Hail to the speaker,

Hail to the knower,

Joy to him who has understood,

Delight to those who have listened.

The first poem describes the activities of valkyrie-like sorceresses called the "Idisi" who have the power to bind or to free battling warriors.

Once the Idisi set forth, to this place and that;

Some fastened fetters; some hindered the horde,

Some loosed the bonds from the brave --

Leap forth from the fetters! Escape from the foes!

The second poem tells how a number of these goddesses unsuccessfully attempt to cure the injured leg of Balder's horse. Wodan (Odin), with his unfailing magic, knows the right charm, and the horse is healed. This pre-Christian incantation is similar to charms against sprains recorded in the Orkney and Shetland Islands during the nineteenth century.

The second poem, the one dealing with sprained ankles, is supposed to work by the magic of analogies: the story about Pfohl and Wodan, who cured Balder's horse, is assumed to repeat itself when the story is magically retold. Note the alliteration in the High German text. This is typical of the poetry of the era. End rhyming did not appear until several centuries later.

Phol ende Uoden vuorun zi holza

duuart demo Balderes volon vuoz birenkit.

th? biguolen Sinthgunt Sunna era suister;

th? biguolen Fr?ia, Volla era suister;

th? biguolen Uodan, s? h? uuola conda;

s?se b?nrenki, s?se bluotrenk?, s?se lidirenki:

b?n zi b?na, bluot zi bluot.

lid zi geliden, s?se gel?mida s?n!

Phol and Wodan rode into the woods,

There Balder's foal sprained its foot.

It was charmed by Sinthgunt, her sister Sunna;

It was charmed by Frija, her sister Volla;

It was charmed by Wodan, as he well knew how:

Bone-sprain, like blood-sprain,

Like limb-sprain:

Bone to bone; blood to blood;

Limb to limb -- like they were glued.

Odin is also recorded as knowing nine more rune charms. In the Anglo-Saxon "Nine Herbs Charm" Odin performs magic with "glory twigs" [wuldor tanas]. The nine twigs bore runic initials of the nine plants they represented, which in turn were related to the powers inherent in the plants. Note how this poem has been "Christianized".

"Twig" also refers to "tein", a kenning for a rune symbol. In Norse numerology, three, nine, and multiples of three and nine are very potent magically. Nine wunjo staves are often used as the symbols on glory wands.

In the Anglo-Saxon tradition, plants ash, oak and thorn represent the powers of As (Ansuz), Ac and Thorn (Thurisaz). The glory twigs combine the protective power of Thorn with the divine force of As and the growth potential of Ac.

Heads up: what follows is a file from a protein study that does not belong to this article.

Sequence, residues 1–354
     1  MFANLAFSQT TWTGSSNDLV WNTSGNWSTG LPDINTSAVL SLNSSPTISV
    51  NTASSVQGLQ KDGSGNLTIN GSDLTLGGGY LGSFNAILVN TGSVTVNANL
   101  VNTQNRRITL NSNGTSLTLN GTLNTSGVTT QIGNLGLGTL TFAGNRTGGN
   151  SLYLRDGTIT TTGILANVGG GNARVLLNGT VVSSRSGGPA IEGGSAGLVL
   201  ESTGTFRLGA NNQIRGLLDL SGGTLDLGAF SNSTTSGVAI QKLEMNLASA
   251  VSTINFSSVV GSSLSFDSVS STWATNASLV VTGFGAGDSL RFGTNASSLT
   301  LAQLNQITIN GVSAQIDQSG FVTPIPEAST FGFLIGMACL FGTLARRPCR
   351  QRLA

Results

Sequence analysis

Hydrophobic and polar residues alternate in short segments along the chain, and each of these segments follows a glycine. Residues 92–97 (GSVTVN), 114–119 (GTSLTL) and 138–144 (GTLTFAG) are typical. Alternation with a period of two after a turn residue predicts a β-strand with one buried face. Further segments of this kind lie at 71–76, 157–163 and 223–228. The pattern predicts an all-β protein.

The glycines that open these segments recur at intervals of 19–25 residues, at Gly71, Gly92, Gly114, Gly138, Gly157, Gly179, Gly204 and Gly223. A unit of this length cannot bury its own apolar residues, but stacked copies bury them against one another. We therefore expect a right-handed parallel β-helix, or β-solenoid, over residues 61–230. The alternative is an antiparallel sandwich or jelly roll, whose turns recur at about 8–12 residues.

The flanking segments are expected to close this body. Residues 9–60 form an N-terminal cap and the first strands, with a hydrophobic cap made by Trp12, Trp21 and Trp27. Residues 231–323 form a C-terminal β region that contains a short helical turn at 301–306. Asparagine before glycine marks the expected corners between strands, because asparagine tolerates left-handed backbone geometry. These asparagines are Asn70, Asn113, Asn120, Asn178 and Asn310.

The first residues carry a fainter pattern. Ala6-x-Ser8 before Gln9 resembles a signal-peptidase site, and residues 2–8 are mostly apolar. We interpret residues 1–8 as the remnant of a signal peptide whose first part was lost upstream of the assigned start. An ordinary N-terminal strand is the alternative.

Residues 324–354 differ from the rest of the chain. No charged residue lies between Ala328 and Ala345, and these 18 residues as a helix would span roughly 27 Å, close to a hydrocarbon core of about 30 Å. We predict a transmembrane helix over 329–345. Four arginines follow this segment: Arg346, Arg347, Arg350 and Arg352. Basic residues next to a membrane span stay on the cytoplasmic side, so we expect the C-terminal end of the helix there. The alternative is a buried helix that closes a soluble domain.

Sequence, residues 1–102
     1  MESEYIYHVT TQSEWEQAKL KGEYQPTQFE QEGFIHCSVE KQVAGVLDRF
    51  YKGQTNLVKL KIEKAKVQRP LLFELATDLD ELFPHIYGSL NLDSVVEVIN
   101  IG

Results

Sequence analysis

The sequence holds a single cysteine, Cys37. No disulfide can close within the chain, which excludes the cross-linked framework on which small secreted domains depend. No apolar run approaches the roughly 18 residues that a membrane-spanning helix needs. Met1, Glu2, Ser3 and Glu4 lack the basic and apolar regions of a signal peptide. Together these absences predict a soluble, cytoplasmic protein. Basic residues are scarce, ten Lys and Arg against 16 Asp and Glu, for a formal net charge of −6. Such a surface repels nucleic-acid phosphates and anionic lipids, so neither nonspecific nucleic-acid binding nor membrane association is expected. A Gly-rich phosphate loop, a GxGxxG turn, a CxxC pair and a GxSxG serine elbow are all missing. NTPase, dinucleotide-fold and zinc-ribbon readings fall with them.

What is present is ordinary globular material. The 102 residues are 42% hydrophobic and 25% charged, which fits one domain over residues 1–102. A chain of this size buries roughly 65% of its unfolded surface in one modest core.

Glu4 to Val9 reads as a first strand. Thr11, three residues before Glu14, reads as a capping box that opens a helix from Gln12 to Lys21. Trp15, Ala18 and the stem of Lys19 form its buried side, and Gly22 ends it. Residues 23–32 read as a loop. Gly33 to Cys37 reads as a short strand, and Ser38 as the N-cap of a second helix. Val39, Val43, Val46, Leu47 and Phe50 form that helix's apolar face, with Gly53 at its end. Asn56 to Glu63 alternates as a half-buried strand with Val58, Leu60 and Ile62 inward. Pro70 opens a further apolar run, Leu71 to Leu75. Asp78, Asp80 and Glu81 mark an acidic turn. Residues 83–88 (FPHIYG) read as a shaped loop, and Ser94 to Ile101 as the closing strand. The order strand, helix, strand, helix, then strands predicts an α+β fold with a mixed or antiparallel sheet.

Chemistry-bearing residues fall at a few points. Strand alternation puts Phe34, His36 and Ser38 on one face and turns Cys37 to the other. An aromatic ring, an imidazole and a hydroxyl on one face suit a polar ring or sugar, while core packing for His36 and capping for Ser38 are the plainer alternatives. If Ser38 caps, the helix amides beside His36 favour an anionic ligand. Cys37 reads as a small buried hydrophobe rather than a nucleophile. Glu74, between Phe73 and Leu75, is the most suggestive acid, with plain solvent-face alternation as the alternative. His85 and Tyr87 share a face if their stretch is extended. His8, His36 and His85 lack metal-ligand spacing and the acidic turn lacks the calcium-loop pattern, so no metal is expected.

Mugwort, waybroad (plaintain) open from the east, lamb's cress, attorlathe, maythe, nettle, crabapple, chervil and fennel, old soap; work the herbs into dust, mix them with the soap and apple juice. Work then into a paste of water and ashes; take fennel, boil it in the paste and beat with the [herbal] mixture when he applies the salve both before and after

Sing the charm [galdor] on each of the herbs three times before he prepares them, and on the apple likewise. And let someone sing into the mouth of the man and into both his ears, and on the wound, that same charm [galdor] before he applies the salve.

These nine go against nine poisons.

A worm came crawling, he wounded nothing.

Then Wodan took nine glory-twigs.

Smote then the adder that it flew apart into nine [parts].

There apple and poison brought it about

that she never would dwell in the house.

Chervil and Fennel, very mighty two,

these herbs he created, the wise Lord

holy in heaven when He hung;

He established and sent them into the seven worlds,

to the poor and the rich, for all a remedy.

She stands against pain, she assaults poison,

who has power against three and against thirty,

against enemy's hand and against great terror

against the bewitching of little vile wights.

Now these nine herbs have power against nine evil spirits

[wuldorgeflogenum, "fugitives from glory"],

against nine poisons and against nine flying venoms:

Against the red poison, against the foul poison,

against the white poison, against the purple poison,

against the yellow poison, against the green poison,

against the dark poison, against the blue poison,

against the brown poison, against the crimson poison.

Against worm-blister, against water-blister,

against thorn-blister, against thistle-blister,

against ice-blister, against poison-blister.

If any poison flying from the east,

or any from the north . . . come

or any from the west over humanity.

Christ stood over the old ones, the malignant ones.

I alone know running streams

and the nine adders now they behold.

All weeds must now give way to herbs

the seas slip apart, all salt water,

when I this poison blow from you.